It’s no secret that manufacturing plays a key role in driving economic growth, or that transportation is essential for the success of any manufacturing operation.
While the relationships among manufacturing, transportation, and economic growth have been studied on a large scale, there is often little dialogue between transportation organizations and the manufacturers themselves.
A recently completed pilot study conducted jointly by the Minnesota Department of Transportation (MnDOT), the University of Minnesota Humphrey School of Public Affairs, and University of Minnesota Extension aims to address this communication gap.
The pilot project focused on 12 counties in southwest Minnesota. The research team began by identifying key industry clusters within the region; industry clusters are driving economic forces that sell outside the local, state, and national market—bringing money into the region and creating jobs in other economically dependent industries such as retail and food service.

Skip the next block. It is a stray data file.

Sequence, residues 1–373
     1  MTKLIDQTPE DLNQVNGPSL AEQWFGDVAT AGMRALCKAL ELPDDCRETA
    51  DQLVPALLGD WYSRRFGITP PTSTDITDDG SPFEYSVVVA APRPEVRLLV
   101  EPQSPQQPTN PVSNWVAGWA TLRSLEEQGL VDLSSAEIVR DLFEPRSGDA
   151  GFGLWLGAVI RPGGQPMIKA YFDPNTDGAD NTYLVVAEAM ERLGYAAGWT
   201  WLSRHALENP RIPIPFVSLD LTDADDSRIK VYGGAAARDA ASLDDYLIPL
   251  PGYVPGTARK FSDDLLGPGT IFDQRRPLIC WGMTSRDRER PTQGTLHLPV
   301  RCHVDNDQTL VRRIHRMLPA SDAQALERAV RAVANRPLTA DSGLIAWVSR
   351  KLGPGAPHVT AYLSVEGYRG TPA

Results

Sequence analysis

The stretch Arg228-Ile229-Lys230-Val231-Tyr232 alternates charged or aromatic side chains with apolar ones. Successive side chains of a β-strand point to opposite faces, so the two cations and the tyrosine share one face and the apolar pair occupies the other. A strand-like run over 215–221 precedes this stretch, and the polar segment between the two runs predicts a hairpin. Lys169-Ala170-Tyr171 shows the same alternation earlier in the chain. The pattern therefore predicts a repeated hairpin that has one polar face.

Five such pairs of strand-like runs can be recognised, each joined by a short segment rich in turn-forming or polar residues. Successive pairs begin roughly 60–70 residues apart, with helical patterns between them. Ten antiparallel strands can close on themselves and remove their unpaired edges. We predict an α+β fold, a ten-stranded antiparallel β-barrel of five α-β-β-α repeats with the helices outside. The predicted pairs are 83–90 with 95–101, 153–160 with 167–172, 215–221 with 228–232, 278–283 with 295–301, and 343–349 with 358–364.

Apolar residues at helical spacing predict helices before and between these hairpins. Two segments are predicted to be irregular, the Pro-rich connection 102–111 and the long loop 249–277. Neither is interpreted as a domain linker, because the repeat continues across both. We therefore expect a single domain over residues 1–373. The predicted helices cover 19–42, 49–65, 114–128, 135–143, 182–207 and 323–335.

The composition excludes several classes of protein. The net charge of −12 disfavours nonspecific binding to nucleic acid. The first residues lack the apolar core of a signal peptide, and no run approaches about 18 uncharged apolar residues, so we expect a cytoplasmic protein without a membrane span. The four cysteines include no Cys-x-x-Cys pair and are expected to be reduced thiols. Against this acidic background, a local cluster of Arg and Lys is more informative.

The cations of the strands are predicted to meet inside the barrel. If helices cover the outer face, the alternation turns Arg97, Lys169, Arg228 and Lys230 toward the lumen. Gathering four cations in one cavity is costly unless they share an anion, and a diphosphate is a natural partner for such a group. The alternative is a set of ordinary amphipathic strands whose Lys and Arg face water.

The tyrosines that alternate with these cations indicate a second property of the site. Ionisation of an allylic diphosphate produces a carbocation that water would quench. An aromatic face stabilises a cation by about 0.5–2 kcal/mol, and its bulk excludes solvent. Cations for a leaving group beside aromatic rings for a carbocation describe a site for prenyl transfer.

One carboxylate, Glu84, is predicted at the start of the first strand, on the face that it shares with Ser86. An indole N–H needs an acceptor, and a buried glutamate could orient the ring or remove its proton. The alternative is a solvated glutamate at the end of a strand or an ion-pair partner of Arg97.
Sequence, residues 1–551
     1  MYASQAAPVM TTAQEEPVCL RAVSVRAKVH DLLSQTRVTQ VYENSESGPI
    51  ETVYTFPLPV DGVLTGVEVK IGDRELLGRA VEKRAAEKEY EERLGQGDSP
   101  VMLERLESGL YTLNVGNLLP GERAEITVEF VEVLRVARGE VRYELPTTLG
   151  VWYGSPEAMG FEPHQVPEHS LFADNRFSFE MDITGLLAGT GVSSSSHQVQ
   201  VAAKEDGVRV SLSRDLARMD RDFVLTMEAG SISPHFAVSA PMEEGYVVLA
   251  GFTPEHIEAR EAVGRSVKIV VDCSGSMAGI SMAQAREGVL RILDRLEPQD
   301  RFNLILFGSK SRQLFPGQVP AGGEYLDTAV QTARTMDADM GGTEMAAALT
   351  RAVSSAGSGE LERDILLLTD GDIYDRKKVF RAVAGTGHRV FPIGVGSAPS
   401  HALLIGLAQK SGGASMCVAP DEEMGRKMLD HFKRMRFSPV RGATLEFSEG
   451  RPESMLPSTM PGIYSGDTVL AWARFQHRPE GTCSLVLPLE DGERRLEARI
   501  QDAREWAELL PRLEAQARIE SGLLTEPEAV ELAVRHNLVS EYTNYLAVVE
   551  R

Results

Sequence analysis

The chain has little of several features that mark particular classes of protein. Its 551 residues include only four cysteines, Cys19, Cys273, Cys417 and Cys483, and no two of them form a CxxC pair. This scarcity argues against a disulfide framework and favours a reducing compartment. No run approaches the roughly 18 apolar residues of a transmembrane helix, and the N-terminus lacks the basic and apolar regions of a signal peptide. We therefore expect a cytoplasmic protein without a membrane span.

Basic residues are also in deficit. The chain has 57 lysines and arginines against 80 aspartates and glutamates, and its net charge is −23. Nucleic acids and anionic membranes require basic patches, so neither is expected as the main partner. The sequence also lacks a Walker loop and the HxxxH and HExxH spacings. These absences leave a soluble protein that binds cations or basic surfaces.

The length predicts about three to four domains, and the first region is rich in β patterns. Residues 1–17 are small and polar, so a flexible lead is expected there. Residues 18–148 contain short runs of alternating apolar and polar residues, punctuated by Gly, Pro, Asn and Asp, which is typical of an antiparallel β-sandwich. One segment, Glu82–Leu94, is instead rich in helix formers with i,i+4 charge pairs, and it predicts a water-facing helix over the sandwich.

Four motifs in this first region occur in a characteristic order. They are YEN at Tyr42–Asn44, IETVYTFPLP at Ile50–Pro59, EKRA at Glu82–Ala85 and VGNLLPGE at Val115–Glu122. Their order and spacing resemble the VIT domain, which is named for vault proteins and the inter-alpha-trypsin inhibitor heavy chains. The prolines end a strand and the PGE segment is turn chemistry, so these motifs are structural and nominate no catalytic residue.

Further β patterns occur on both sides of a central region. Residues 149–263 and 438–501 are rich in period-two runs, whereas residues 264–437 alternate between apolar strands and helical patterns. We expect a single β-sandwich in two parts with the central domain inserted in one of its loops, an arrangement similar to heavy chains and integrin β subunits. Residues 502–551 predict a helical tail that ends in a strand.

Ultimately, more than 172 regional businesses were contacted for participation in this project, and 75 in-person interviews were completed with manufacturers, shippers, and carriers. During the interviews, participants were encouraged to focus their comments on high-value, low-cost improvements that MnDOT can address in the short term without over-promising projects that currently cannot be funded.
Participants identified the need for smooth pavements and wide shoulders, the value of advance warning lights at intersections with traffic signals, the importance of highway safety, and the challenges of maneuvering oversized vehicles through roundabouts, among others.
The research team is compiling the pilot study’s findings into a final report. In the meantime, MnDOT is working to address a number of the challenges and suggestions uncovered through the pilot program.
Read the full article in the December issue of Catalyst.